Defence Study Notes: Poverty line in India

By Dhruv Kumar|Updated : September 15th, 2020

Poverty in India is an important topic for UPSC CDS and other Defence exams questions are asked from this topic related to efforts made by the Government to eliminate poverty from the country. In this article, we will know about the Poverty line in India and the committees established to measure the poverty in the country.

Poverty Line and India

Poverty is one of the most dangerous social evil that continues to plague the world. The globalised economy which envisioned prosperity for all has led to the growth of inequalities between rich and poor. Ending Poverty in all its forms is first of the 17 Sustainable Development Goals of the 2030 Agenda for Sustainable Development adopted by the United Nations.

What is Poverty:

  • Poverty refers to a condition in which the individual or the community doesn’t have adequate resources to secure and maintain a minimum standard of living.
  • Poverty is also a multi-dimensional phenomenon; it includes lack of access to basic necessities of life (food, shelter and cloth), basic health care, education and if often characterised by hunger, malnutrition, social exclusion and discrimination.
  • Poverty is measured by determining a minimum level of income (or expenditure) required to meet a minimum standard of living (known as the Poverty Line). All those living below that are considered as poor.
  • The International Poverty line is fixed by World Bank at $1.90 a day, meaning those who earn less than $1.90 a day are considered poor. Each country has its own poverty line, depending upon the standard of living in that country.
  • The International Day for the Eradication of Poverty is observed on 17 October annually.

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Poverty in India:  

India has shown a remarkable reduction in the poverty rate since Independence. The British drained all the resources of India and they left India with more than 75 % of its population in poverty. As per the latest data, about 22 % of Indians continue to live in poverty.

  • The SDG Index 2019 released by NITI Aayog highlighted that 6 states (Andhra Pradesh, Goa, Himachal Pradesh, Kerala, Punjab and Sikkim) and 6 UTs have achieved the national target of reducing the poverty rates to below 10.95 % by 2030.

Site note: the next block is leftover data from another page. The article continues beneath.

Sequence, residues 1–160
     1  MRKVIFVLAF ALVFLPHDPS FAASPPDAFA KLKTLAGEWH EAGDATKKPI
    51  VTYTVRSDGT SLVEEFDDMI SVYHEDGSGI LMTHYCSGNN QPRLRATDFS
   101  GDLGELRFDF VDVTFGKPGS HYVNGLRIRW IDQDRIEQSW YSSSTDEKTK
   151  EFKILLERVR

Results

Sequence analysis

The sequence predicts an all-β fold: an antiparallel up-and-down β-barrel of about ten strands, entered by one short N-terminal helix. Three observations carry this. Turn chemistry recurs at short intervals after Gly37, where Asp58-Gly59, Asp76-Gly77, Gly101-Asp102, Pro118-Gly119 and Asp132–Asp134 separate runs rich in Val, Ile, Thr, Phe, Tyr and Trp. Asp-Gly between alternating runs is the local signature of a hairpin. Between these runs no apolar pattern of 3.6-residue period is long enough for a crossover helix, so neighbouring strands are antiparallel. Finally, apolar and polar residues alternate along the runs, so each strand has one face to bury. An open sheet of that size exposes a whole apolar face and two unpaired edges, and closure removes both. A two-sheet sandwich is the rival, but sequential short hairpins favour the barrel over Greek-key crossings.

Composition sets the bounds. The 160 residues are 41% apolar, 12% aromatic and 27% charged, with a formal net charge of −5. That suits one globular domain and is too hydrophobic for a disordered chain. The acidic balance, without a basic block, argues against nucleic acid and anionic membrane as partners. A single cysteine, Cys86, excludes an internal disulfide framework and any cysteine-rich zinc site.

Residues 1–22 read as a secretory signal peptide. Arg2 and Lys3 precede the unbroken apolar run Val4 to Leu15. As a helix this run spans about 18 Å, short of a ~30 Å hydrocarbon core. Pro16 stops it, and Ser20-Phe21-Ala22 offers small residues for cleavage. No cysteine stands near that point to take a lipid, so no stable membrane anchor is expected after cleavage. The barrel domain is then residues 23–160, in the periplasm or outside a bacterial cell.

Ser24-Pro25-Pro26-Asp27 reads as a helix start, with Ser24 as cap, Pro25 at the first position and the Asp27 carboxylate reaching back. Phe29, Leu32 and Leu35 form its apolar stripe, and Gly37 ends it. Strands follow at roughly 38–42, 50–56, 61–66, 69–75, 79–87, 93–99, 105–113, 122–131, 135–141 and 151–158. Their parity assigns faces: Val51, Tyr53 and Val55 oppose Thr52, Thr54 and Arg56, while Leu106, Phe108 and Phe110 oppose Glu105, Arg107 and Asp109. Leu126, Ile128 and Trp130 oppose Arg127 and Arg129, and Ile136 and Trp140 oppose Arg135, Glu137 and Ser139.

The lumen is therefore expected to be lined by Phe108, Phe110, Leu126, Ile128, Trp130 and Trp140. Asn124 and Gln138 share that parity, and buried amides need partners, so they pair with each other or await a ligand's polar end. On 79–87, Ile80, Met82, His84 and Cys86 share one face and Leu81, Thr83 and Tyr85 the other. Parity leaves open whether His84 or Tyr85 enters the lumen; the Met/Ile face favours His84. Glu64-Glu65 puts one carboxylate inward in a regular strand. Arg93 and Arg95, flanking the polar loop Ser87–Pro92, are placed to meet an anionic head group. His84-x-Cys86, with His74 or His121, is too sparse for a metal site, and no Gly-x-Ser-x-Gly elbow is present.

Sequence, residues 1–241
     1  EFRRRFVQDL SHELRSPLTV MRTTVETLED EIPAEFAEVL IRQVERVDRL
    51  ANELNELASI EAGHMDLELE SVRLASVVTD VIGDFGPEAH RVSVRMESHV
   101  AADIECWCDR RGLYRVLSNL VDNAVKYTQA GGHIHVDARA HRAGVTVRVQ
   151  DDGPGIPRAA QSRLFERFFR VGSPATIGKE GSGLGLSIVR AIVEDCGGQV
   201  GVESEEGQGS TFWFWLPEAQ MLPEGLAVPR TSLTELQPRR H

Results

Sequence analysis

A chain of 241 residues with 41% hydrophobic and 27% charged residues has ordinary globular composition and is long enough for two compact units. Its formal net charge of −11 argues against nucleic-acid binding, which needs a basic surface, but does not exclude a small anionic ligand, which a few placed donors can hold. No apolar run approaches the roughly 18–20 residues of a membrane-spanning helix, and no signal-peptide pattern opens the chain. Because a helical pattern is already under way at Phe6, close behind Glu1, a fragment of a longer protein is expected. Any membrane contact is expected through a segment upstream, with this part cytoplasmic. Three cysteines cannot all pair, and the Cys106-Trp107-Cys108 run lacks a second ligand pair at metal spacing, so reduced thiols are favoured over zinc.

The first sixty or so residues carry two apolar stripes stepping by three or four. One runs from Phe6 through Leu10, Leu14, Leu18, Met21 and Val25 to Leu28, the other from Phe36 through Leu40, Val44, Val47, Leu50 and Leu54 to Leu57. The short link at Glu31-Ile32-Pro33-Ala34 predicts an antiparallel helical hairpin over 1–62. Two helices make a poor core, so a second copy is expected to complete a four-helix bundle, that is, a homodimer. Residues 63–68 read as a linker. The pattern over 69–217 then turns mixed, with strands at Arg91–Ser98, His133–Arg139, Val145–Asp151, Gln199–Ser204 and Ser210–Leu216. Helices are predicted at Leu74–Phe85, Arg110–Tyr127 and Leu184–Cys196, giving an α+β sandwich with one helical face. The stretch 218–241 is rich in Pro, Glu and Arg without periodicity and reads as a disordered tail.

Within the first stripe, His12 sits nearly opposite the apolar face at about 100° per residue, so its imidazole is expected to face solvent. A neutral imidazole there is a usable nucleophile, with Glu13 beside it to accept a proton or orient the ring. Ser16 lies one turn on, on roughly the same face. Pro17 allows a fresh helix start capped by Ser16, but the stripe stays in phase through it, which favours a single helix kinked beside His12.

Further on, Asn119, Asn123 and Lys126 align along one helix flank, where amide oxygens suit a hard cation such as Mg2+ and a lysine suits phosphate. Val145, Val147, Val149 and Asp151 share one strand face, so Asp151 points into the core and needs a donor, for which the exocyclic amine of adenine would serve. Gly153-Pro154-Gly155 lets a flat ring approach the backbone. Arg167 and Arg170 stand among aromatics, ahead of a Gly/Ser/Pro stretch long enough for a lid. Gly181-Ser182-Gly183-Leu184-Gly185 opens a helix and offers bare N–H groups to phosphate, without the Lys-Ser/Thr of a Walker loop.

• Goa with a poverty rate of 5.09 % and Chhattisgarh with a poverty rate of 39.93 % have the lowest and highest poverty rate among Indian states.

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Measuring Poverty:

India uses consumption expenditure as a method of determining poverty. Till 2020, Six official committees have been set up by the Central Government to estimate the number of Indians living in poverty. These Committees are:

  1. The working group of 1962
  2. V N Dandekar and N Rath committee (1971)
  3. Alagh Committee (1979)
  4. Lakdawala committee (1993)
  5. Suresh Tendulkar committee (2009)
  6. Rangarajan committee (2012)
  • Until the 1990s the calorie method recommended by Alagh committee was used the measured poverty. The committee determined a poverty line based on a minimum daily requirement of 2400 and 2100 calories for an adult in Rural and Urban area respectively.
  • The Tendulkar committee (2009) recommended to shift away from the calories-based calculation of poverty and devised a new method based on the calculation of spending on health, education, sanitation, travel, clothing etc. The committee stipulated a benchmark daily per capita expenditure of ₹ 27 and ₹ 33 in rural and urban areas.
  • The Rangarajan Committee, which submitted its report in 2014 raised the daily per capita expenditure to ₹ 32 from ₹ 27 for the rural poor and to ₹ 47 from ₹ 33 for the urban poor. However, the recommendations of the Rangarajan Committee were not accepted by the Government.
  • The Poverty is currently measured by the terms of the Tendulkar committee.

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* It is to be noted that the Poverty line is not the basis of identification of poor in India. The number of poor people is calculated on the basis of BPL Census.

Reducing Poverty:

Although India has achieved remarkable progress in combating poverty, still a substantial portion of its population lives in poverty. NITI Aayog’s report on “Eliminating Poverty: Creating Jobs and Strengthening Social Programs” highlighted the fact that poverty in India can be achieved through employment-intensive sustained high growth and effective implementation of anti-poverty programmes. Increasing productivity in agriculture and related activities could also lead to a reduction in rural poverty.

Some of the major governmental schemes to combat poverty in India are Integrated Rural Development Programme, National Social Assistance Programme, Indira Awas Yojana (Rural Housing), Annapurna Scheme, Mahatma Gandhi National Rural Employment Guarantee Act (MGNREGA), National Old Age Pension Scheme (NOAPS), National Rural Livelihood Mission: Aajeevika and National Urban Livelihood Mission, etc.

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